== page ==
Blog, Career

Yes, You Really Are Creative

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Over and over, I find myself having conversations with people who ask themselves: “Am I creative?” and answer with a resounding. . . “Meh.” Maybe you’re one of those people, doubting your own creativity. But I have news for you: You’re a creative person and you deserve a creative job. It’s just a matter of how you understand creativity—and how you can use it in your life.

I’ve learned to question the definition of creativity. What is it? How do you know if you have it? If you are thinking of the dictionary’s definition, then it’s “the use of the imagination or original ideas, especially in the production of an artistic work.” Personally, I wish that they had omitted the last part referencing artistic work; I think this is where people get tripped up. If they haven’t produced a watercolor, written a poem, or modeled clay into a life form, they cross creativity off their list of strengths.

But that’s not what creativity is about. Creativity is something unique to each of us, and it has a lot more to do with how we understand the world and solve problems than churning out paintings or novels.

Take a client of mine who told me recently that he felt lost among younger creative types in his office who knew graphic design, could come up with new ideas on the spot, and always seemed to be bursting with suggestions.

But as we talked, we realized that many of his colleagues were solid idea generators, but were often lost on how to implement those ideas. And that’s where he would come in. His ability to see connections and understand how to get from idea to finished product was his greatest strength. He was able to creatively manipulate budgets in order to accomplish more projects for less money. He was able to creatively connect separate ideas into one project, utilizing the best of each colleague’s inputs, while streamlining processes and saving money. He was able to creatively shift personnel onto different projects to bring out the best in each team member and maximize results.

But he resisted calling this creativity at first, since it differs from the narrow conception of creativity he was used to. However once he was able to broaden his definition, he soon began bringing me stories of his creative abilities to solve problems and move ideas forward. It was eye-opening for him and brought a new level of confidence to his work.

If we focus on the first part of the definition of creativity, “the use of the imagination or original ideas,” then we understand that creativity is the ability to see that which others cannot. The real question is not “Am I creative?” but rather “Which position, activity, or role best allows me to see what others cannot?” With this question as a guide, you’ll be able to identify areas in which your creativity shines.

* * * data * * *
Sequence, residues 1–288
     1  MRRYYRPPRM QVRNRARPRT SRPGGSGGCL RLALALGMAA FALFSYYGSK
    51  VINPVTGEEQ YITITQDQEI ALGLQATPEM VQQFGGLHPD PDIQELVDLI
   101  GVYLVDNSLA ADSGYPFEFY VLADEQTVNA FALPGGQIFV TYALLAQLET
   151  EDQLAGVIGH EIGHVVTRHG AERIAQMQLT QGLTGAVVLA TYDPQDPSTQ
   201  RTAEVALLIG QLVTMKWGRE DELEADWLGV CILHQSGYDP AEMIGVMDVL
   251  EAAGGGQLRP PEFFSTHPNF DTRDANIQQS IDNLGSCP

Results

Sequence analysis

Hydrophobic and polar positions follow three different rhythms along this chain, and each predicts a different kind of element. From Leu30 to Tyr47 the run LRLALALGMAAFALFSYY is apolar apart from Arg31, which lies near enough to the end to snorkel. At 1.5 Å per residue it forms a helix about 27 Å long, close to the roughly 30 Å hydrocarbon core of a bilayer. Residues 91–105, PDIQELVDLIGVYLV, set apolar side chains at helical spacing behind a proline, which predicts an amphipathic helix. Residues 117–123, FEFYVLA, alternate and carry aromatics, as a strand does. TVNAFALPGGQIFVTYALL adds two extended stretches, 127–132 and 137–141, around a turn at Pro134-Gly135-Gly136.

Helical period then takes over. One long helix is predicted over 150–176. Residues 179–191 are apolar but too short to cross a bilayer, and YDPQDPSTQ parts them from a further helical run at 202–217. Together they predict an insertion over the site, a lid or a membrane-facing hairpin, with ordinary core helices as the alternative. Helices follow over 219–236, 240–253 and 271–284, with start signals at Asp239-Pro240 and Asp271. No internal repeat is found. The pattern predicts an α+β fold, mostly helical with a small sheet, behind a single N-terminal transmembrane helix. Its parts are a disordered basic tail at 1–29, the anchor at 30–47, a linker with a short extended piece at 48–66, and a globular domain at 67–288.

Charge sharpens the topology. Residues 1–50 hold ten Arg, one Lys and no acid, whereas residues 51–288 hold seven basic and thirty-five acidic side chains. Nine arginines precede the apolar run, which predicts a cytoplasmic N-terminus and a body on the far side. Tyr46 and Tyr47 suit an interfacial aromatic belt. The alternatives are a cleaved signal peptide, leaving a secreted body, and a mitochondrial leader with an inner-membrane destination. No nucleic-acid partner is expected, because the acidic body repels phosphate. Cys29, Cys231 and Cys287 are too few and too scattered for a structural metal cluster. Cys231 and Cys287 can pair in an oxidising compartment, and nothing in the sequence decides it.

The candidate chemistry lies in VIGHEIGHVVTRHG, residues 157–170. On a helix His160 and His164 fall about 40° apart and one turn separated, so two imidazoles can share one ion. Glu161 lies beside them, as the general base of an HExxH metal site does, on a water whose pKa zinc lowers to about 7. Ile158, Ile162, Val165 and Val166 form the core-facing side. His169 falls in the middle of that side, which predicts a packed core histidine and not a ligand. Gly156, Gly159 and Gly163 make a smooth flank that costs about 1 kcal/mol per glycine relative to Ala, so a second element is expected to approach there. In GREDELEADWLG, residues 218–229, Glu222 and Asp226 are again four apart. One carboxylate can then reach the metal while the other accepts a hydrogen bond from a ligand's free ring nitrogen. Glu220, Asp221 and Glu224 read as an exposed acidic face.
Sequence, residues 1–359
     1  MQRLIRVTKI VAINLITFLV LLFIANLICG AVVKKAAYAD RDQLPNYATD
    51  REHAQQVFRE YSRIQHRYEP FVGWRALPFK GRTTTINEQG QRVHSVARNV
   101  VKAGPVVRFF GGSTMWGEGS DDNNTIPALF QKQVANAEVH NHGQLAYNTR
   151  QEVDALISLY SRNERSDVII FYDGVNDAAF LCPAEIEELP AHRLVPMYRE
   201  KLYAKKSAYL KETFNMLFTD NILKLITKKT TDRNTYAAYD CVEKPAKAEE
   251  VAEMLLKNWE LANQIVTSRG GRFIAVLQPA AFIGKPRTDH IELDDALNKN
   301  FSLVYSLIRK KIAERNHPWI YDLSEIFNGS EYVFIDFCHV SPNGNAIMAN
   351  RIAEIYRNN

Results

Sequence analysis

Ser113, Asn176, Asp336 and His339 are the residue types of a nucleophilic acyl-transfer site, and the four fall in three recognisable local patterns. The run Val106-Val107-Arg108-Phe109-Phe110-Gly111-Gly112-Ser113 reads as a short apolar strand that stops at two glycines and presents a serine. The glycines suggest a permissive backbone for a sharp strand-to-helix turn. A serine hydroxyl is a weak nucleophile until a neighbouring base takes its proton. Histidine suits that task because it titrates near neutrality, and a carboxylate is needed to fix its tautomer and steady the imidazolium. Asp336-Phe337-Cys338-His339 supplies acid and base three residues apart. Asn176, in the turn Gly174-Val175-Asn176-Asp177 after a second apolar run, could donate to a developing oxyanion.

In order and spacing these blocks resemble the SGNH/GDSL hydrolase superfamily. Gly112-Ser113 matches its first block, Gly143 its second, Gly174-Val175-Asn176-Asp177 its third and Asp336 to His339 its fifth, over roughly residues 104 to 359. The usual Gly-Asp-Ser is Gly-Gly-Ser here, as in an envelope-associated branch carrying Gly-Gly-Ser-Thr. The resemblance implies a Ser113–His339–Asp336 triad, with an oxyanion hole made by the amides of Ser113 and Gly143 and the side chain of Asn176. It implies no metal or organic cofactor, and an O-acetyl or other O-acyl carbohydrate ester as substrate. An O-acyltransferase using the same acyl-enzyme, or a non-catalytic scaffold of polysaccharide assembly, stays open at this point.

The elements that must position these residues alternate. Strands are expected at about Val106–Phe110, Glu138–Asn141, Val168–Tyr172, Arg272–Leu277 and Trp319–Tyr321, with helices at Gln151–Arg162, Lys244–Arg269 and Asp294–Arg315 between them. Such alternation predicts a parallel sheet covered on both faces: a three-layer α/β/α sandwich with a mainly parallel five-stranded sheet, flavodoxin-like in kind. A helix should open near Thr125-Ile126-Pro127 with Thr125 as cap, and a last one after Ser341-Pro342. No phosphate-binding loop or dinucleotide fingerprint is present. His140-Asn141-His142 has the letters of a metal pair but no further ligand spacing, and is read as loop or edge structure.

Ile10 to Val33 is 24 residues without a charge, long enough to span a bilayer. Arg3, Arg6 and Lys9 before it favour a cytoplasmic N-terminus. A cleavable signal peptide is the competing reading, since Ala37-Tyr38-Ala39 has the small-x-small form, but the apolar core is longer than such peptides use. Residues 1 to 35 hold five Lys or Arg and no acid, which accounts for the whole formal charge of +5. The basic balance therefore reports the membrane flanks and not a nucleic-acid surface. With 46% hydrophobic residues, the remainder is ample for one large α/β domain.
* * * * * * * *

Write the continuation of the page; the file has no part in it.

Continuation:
The next step is to apply your unique brand of creativity to your life—especially your professional life. That same client identified that his greatest source of creativity was in establishing teams and seeing strengths and weaknesses in collaboration where others could not. This led to putting people together who may not have seemed like obvious fits, but ended up being powerful collaborators. He was building something new—something no one had envisioned. He was being creative.

The painter Henri Matisse said “creativity takes courage.” Indeed, it is one thing to see what others do not, and yet another thing to step into that vision and take action. Creativity requires a certain amount of risk. Creative people must attempt something new and to change the status quo. To do this, one must believe in what they see and be able to get others to buy into it. Once a person has identified that they are, in fact, creative, and that they have something new to offer, they must have the confidence to act upon that realization.

Personally, I have been able to find that confidence in myself and creativity by asking a few simple questions:

  • What have I seen/imagined/discovered/created that is new? How is it new?
  • Why does it matter? Who does it matter to?
  • What do we lose if we do nothing? What opportunities do we miss out on?
  • What can we gain by this? How will it change the team/project/organization?

Look for creativity in yourself every day. Where are you able to shine light where others only see darkness? What do you understand intrinsically that others might not? What is obvious to you that others miss? Creativity lives in those places. You may not ever write a sonata or choreograph a ballet, but what you see and imagine is the creativity you bring to the table. Be bold enough to act upon it, and there is no limit to where it can take you.

A version of this article previously appeared on Ellevate Network.

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